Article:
Estimating the clinical impact and costs of implementing a point of care test for influenza A/B and respiratory syncytial virus on an acute paediatric hospital inpatient ward

We explored the impact of introducing a high performance point of care test (POCT) for influenza and respiratory syncytial virus (RSV) on an acute paediatric ward of a large London hospital during influenza season compared to standard care of using a laboratory-based test. We estimated the outcomes before and after implementing a POCT (Enigma® MiniLab™ FluAB-RSV test) for paediatric patients admitted to an acute respiratory ward in the 2013/14 and 2014/15 respiratory seasons. There was a significant reduction in reimbursement charges for influenza- and RSV-negative patients, for the full hospital stay and the period on the acute paediatric ward after implementing the POCT, however, these differences disappeared when controlling for top-up service charges. More appropriate treatment of patients with influenza occurred after implementing the POCT (40% versus 13% received oseltamivir, p=0.02). There was no difference in length of stay between the two periods. Findings indicate cost savings for commissioners and hospitals, even without a reduction in the length of stay.

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Vecino-Ortiz AI, Glover RE, Douthwaite ST, et al.
Estimating the clinical impact and costs of implementing a point of care test for influenza A/B and respiratory syncytial virus on an acute paediatric hospital inpatient ward. Society for Medical Decision Making. 12-14 June 2016. London, UK.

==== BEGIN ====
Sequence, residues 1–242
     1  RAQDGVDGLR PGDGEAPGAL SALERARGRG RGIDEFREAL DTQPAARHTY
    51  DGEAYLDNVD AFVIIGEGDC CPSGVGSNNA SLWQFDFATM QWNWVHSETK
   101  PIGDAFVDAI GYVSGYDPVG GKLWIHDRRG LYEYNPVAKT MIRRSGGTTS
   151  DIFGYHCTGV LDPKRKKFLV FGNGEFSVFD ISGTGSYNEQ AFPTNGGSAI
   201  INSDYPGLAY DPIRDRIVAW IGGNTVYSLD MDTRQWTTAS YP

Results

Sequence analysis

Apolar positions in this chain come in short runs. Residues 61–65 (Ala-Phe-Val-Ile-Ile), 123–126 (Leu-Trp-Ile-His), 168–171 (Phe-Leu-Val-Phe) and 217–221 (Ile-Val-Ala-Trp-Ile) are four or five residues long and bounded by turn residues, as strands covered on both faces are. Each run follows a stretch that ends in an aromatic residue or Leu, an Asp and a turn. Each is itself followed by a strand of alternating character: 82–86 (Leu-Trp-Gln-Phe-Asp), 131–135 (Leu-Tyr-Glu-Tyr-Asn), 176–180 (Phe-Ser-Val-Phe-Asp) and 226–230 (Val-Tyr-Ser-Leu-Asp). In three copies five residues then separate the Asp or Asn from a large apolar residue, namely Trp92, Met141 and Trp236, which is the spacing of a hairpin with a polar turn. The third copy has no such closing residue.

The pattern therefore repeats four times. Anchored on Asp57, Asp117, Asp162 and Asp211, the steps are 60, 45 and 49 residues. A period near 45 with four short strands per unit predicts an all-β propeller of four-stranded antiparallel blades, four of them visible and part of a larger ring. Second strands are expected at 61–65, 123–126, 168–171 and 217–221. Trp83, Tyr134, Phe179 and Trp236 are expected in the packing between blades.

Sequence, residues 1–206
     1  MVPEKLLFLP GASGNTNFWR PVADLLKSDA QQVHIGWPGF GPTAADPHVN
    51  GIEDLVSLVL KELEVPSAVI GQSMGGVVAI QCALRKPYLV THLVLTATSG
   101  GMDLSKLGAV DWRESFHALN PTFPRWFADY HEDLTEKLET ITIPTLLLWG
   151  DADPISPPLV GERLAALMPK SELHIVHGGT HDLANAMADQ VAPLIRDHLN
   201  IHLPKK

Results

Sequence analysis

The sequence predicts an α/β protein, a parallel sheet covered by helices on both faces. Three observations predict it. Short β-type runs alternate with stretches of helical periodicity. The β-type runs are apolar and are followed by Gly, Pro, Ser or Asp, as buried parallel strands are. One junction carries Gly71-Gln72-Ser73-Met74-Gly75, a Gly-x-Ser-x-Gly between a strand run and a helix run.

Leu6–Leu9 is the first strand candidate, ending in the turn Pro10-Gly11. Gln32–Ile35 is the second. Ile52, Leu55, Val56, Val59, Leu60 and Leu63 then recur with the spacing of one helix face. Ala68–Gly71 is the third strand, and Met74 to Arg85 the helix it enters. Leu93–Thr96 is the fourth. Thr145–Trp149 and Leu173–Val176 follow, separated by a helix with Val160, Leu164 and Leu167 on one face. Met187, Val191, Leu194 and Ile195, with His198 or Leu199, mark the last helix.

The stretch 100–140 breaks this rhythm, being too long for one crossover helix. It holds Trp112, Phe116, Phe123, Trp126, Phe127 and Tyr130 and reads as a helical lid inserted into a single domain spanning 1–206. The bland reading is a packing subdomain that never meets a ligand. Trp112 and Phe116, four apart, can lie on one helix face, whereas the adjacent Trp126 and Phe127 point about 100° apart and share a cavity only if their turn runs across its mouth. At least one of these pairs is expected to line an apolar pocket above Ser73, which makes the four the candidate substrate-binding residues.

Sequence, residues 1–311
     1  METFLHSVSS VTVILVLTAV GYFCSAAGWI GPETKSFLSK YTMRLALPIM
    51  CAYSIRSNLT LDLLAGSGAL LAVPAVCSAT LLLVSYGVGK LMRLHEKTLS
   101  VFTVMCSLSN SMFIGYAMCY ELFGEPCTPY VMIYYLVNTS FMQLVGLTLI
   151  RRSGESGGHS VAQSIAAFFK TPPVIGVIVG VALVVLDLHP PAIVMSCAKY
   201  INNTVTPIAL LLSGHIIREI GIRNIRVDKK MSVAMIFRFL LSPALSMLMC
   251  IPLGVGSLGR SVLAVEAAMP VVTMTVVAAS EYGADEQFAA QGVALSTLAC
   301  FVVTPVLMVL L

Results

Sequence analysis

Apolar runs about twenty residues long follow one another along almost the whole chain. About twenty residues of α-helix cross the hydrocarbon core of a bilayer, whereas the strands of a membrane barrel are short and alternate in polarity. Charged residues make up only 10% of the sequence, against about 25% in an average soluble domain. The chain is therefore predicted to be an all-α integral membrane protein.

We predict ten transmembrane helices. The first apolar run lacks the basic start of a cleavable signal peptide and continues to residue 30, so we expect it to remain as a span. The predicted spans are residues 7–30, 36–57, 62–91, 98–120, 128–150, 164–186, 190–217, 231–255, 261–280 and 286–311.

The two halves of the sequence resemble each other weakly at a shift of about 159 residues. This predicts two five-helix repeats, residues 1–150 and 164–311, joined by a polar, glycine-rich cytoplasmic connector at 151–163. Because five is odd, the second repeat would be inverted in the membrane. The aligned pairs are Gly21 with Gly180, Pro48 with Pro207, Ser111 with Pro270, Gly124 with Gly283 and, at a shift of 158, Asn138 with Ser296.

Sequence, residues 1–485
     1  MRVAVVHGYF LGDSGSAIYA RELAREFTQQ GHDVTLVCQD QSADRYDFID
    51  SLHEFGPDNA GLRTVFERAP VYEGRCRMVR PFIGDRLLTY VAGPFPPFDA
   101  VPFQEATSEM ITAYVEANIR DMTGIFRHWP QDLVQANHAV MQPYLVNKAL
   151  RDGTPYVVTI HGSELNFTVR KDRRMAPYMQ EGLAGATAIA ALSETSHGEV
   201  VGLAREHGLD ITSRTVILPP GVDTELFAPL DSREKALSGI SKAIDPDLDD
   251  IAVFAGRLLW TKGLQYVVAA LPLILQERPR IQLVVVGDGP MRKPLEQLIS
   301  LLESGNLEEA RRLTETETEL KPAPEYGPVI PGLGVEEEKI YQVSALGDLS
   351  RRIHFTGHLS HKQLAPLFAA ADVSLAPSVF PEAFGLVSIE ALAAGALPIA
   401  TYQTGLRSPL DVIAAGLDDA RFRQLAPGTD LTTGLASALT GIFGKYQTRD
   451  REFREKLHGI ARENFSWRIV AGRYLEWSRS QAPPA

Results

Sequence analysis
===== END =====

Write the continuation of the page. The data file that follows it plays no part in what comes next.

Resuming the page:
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A rapid influenza test in hospitals could avoid unnecessary paediatric isolation bed days and save costs

We created a decision tree to estimate the unnecessary isolation days averted by early diagnosis of false positive patients with a point of care test for influenza compared to presumptive isolation and standard laboratory testing (12 versus 2 hours’ time to results). Assuming a 7% prevalence of influenza in a cohort of 300 patients with suspected influenza, average hospital stay of 3 days, and the cost of an isolation bed being 10% more than a ward bed, using a point of care test could avert 80-95% of the unnecessary isolation days, with an associated estimated cost savings of roughly £7000-£9000, depending on if they test were implemented on the ward or in A&E, respectively. Point of care tests could improve bed management and reduce unnecessary isolation days and the associated costs, and reduce hospital transmission of infection.

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Vecino-Ortiz AI, Glover RE, Rabe AJ, et al. A rapid influenza test in hospitals could avoid unnecessary paediatric isolation bed days and save cost. Society for Medical Decision Making. 12-14 June 2016. London, UK.

 

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